of those kind of ironic ending type things where you know,
these former competitors are now part of the same company.
But that doesn't really work because neither Atari Essay is
the same as the original Atari company in the nineteen eighties,
nor is the new intelevision entertainment brand that was brought

over to Atari Essay that's not directly related to Intellivision either. Like, yeah,
it's the brand, it's the IP, but it's not all
the people who put it together, so it's not quite
the same thing. On paper, it seems like a delicious irony,
but in reality it's you know, corporate maneuvering and acquisitions

and divestments and all that mess. Nothing that's easy to
actually outline, but still interesting. Now that Atari technically not
technically Atari owns the Intellivision IP, So how that's going
to manifest I don't know, Like I don't know if
we're going to start seeing re releases of these classic

in television titles or another like attempt at creating a
dedicated console that features some of the more popular titles.
I would love to play the Intellivision Dungeons and Dragons title. Again.
I really had a lot of fun playing with that
when I was a kid, so I would love to
have that. I'm sure I could find it online. I
just I wouldn't mind having a little dedicade console so

I could try to relive my childhood and then within
like three or four minutes, turn it off and put
it in the corner and never touch it again because
the games are hard and I'm old. But anyway, that's
an overview of the story of in television. As I said, like,
there's this full length book that's coming out later this year.
It's really expensive too. When I looked on Amazon like
pre ordering, it was like sixty dollars. So I'm guessing

it's going to be used like a textbook or something
because at that price, that's that's a hefty price tag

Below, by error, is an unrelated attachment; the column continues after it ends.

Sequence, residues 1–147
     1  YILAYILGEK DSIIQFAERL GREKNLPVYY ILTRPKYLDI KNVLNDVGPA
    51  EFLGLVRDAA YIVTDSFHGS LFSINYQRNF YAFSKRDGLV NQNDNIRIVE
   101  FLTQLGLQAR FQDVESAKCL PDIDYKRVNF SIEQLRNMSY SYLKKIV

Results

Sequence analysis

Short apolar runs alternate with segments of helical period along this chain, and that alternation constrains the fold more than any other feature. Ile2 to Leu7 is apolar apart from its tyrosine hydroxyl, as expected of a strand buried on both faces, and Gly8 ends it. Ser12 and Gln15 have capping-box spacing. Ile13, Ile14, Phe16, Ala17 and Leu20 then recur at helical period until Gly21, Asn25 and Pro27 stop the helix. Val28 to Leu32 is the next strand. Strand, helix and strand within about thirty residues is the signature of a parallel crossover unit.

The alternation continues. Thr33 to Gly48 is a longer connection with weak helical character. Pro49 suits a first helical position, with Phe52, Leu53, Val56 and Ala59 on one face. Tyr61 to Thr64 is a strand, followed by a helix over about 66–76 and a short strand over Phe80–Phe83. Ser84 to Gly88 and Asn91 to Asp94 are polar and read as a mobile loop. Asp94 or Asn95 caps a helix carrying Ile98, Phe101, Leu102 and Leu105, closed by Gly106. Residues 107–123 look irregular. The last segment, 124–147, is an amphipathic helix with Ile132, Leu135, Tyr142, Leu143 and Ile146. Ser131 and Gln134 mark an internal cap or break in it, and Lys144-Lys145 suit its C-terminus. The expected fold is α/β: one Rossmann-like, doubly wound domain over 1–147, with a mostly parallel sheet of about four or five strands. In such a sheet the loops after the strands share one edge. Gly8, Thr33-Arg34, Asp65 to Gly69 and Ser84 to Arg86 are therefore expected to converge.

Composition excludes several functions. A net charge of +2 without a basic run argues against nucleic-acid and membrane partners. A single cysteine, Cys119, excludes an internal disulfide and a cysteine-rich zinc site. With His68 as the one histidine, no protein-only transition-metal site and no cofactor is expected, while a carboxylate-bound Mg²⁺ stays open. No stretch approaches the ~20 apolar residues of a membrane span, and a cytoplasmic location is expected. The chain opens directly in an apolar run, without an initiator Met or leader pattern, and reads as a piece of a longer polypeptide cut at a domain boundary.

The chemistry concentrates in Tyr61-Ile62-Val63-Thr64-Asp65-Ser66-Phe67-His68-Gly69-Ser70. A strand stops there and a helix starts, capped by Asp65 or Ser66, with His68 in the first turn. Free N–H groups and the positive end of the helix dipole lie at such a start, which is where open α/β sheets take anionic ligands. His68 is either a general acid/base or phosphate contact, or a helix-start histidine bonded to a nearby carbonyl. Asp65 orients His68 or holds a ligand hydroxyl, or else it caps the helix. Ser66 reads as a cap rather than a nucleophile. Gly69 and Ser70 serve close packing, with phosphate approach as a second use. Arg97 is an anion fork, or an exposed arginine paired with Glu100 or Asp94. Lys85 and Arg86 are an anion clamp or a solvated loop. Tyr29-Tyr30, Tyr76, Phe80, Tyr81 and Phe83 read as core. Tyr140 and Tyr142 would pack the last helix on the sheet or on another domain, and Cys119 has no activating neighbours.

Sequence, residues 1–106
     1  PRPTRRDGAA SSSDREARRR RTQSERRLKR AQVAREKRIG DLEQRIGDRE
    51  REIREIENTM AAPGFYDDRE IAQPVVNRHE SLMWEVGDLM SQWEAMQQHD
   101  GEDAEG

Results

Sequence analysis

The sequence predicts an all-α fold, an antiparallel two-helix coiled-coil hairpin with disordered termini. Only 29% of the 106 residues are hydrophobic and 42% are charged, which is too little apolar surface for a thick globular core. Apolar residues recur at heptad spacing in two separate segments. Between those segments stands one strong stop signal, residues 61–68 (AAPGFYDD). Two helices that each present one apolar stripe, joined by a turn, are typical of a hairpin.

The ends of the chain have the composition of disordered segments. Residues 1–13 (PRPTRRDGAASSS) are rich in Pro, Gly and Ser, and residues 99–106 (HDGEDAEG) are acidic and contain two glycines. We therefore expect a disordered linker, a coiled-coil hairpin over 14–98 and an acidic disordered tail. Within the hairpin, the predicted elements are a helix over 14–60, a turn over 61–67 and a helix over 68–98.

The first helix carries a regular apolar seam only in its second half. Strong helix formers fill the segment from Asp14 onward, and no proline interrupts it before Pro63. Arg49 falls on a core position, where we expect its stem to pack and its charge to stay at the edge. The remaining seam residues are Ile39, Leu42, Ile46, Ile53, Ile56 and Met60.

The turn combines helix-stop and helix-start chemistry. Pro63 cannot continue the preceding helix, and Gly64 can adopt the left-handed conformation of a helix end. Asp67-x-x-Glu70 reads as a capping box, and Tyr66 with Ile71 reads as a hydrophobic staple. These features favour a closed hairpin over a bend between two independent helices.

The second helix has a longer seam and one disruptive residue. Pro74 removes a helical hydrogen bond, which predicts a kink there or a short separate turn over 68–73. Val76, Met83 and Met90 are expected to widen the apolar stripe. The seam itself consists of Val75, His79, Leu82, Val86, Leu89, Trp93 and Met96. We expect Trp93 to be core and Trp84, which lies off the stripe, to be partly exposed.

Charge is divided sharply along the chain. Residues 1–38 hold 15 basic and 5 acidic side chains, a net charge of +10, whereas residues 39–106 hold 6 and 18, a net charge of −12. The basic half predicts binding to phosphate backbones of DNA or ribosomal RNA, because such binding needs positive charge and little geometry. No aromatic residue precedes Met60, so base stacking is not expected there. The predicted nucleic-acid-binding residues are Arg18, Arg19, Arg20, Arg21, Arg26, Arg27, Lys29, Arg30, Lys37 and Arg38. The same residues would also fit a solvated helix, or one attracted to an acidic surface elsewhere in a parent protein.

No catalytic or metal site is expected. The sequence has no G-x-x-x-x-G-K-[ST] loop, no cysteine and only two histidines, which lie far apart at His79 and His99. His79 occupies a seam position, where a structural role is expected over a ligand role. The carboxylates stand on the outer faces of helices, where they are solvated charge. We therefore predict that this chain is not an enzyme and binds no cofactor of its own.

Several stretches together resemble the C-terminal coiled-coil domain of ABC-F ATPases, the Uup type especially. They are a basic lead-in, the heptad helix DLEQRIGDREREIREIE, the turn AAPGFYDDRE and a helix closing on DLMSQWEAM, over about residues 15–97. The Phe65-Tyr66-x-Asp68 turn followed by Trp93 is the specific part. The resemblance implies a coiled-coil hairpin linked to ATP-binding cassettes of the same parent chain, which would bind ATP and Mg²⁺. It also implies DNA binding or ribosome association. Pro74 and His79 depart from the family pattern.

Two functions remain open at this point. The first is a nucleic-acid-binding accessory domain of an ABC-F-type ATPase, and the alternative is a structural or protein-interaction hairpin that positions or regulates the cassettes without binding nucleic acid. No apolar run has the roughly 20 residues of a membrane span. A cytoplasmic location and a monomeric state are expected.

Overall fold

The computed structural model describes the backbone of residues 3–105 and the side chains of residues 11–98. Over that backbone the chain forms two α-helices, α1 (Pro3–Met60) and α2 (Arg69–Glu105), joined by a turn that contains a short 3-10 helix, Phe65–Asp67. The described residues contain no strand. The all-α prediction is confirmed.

for a book. But maybe I'll reach out to the
authors and see about having them on to talk about
in more detail some of the stories about the development,
because I'm sure there's lots of twists and turns and
interesting decisions like I didn't really touch on the corporate

level of MATEL on what was going on there, because
it didn't really look too deeply into that, but surely
that played a part in these decisions as well. Anyway,
I hope you enjoyed this episode, and I hope all
of you are well, and I'll talk to you again
really soon. Tech Stuff is an iHeartRadio production. For more

podcasts from iHeartRadio, visit the iHeartRadio app, Apple Podcasts, or
wherever you listen to your favorite shows.

TechStuff News

Advertise With Us

Follow Us On


Jonathan Strickland

Jonathan Strickland

Show Links


Popular Podcasts

Let's Be Clear with Shannen Doherty

Let's Be Clear with Shannen Doherty

Let’s Be Clear… a new podcast from Shannen Doherty. The actress will open up like never before in a live memoir. She will cover everything from her TV and film credits, to her Stage IV cancer battle, friendships, divorces and more. She will share her own personal stories, how she manages the lows all while celebrating the highs, and her hopes and dreams for the future. As Shannen says, it doesn’t matter how many times you fall, it’s about how you get back up. So, LET’S BE CLEAR… this is the truth and nothing but. Join Shannen Doherty each week. Let’s Be Clear, an iHeartRadio podcast.

The Dan Bongino Show

The Dan Bongino Show

He’s a former Secret Service Agent, former NYPD officer, and New York Times best-selling author. Join Dan Bongino each weekday as he tackles the hottest political issues, debunking both liberal and Republican establishment rhetoric.

Music, radio and podcasts, all free. Listen online or download the iHeart App.


© 2024 iHeartMedia, Inc.